Another reason is that it is not inconceivable that foreign armies receiving tax-free charitable donations could compromise the national security or undermine the foreign policy of the donating country, not to mention threaten regional or global stability. Navigating the minefield of deciding which armies are ‘worthy’ charity cases is not only incredibly subjective, it can also potentially backfire.

While charitable activity targeted at armies, especially those of allied powers, falls into a somewhat grey area, charitable activities that contravene international law and the government’s own legal position are more clear cut. Yet numerous charities, from Christian evangelists to pro-settler Jews, support illegal Israeli settlement activities. The New York Times identified at least 40 American groups that have collected more than $200 million in tax-deductible gifts for Jewish settlement in the West Bank and East Jerusalem over the past decade.

Despite the questionable nature of the pro-IDF and pro-settler organisations mentioned above, we must not forget nor lose sight of the fact that Jewish charities and civil society organisations raise funds for numerous worthy causes and we can learn a lot from the solidarity Jewish communities around the world show one another. In addition, many Jews, particularly progressive ones, are actively involved in fundraising and volunteering for many non-Jewish causes, as well as activities aimed at improving the lives of Palestinians living under occupation.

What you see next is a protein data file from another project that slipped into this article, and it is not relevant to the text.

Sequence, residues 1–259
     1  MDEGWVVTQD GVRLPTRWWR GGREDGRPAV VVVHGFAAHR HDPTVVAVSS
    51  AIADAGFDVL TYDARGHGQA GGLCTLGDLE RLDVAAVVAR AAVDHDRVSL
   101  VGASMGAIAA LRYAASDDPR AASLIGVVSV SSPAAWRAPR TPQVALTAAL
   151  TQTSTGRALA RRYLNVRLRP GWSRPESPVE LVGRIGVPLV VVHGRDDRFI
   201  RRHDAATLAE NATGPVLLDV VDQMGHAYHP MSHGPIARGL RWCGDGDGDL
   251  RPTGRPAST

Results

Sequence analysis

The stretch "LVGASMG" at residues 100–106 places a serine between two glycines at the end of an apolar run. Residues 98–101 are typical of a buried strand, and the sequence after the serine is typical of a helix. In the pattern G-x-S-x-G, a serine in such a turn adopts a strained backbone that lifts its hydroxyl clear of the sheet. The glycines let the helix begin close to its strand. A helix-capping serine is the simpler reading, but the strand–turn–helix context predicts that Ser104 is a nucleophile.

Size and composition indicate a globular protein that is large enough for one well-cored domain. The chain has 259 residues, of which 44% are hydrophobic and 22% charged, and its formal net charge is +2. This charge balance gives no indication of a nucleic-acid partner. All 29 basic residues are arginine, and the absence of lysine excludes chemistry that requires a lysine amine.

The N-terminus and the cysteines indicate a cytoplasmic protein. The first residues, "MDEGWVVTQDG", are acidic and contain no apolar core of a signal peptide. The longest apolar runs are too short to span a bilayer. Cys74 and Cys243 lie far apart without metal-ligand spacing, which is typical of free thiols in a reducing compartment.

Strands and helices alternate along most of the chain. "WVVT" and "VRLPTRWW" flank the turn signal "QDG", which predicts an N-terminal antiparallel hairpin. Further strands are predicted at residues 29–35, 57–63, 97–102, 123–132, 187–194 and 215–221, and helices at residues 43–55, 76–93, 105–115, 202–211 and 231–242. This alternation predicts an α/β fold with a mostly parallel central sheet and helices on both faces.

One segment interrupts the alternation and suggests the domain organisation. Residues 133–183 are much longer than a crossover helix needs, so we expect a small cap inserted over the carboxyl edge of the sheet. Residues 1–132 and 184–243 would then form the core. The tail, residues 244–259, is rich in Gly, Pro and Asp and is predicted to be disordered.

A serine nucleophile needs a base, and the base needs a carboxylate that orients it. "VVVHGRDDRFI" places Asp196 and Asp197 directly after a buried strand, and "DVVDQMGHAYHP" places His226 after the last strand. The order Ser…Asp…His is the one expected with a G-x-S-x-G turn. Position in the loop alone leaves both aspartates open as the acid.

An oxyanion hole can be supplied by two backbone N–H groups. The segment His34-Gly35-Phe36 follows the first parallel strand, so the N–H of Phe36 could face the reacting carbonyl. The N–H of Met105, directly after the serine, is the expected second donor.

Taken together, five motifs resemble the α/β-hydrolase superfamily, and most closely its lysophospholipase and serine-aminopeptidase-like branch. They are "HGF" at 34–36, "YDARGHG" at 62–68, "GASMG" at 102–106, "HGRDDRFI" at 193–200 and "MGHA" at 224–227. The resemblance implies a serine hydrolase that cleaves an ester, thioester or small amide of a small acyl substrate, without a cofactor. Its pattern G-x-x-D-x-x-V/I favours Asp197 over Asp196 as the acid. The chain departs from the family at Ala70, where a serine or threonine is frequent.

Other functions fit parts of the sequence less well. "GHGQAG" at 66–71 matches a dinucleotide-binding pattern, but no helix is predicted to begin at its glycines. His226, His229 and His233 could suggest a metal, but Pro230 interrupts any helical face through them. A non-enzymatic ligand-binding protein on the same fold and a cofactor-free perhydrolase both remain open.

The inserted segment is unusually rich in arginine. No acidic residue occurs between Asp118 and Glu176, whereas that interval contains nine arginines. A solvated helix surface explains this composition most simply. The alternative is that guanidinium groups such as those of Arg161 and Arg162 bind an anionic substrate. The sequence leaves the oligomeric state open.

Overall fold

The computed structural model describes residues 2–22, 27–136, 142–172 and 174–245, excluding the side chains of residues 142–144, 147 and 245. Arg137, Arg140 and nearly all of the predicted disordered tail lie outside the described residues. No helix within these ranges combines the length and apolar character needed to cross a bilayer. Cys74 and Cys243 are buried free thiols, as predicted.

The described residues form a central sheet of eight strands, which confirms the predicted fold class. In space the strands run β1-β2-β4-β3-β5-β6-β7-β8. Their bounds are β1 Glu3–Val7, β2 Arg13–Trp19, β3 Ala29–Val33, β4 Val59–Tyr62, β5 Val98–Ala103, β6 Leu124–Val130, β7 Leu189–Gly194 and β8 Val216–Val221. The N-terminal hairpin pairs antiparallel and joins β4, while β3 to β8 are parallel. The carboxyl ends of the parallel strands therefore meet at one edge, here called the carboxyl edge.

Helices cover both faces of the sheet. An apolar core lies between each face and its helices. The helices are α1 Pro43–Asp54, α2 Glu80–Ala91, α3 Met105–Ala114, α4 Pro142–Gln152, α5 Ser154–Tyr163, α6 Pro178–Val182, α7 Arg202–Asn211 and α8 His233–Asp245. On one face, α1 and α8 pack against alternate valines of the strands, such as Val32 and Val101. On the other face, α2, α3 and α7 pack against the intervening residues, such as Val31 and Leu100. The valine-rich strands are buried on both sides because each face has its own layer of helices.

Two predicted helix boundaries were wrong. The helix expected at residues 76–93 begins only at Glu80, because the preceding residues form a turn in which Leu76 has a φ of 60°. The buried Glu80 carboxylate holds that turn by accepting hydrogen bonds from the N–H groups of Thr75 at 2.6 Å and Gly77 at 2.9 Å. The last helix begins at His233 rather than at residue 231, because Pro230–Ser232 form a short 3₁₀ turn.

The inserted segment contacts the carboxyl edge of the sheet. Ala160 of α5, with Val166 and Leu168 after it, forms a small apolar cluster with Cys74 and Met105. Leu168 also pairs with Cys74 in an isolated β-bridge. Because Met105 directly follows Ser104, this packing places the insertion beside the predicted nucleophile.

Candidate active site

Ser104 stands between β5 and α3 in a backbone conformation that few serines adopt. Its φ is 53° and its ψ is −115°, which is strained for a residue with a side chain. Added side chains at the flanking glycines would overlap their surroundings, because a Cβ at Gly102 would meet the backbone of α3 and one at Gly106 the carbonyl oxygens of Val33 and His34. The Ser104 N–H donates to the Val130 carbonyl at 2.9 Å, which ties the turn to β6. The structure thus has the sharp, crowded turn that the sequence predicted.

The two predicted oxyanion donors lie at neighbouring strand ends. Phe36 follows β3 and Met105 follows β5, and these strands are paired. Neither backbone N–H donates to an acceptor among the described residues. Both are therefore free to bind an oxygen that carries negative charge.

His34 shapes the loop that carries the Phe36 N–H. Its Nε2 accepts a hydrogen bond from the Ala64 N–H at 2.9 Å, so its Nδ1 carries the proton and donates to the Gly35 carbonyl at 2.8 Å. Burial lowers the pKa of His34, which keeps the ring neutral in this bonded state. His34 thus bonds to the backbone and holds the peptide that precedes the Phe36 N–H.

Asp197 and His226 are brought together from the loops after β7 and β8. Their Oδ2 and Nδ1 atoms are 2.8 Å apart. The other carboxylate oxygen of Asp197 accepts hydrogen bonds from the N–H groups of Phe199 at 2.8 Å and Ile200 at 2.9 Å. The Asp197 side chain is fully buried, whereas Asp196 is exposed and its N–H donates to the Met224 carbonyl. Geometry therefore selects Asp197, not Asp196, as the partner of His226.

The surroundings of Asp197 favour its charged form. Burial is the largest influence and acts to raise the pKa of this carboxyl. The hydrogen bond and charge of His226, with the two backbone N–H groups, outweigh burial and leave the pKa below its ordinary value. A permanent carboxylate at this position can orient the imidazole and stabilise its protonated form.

This column appeared in the Guardian newspaper’s Comment is Free section on 19 October 2010. Read the full discussion here.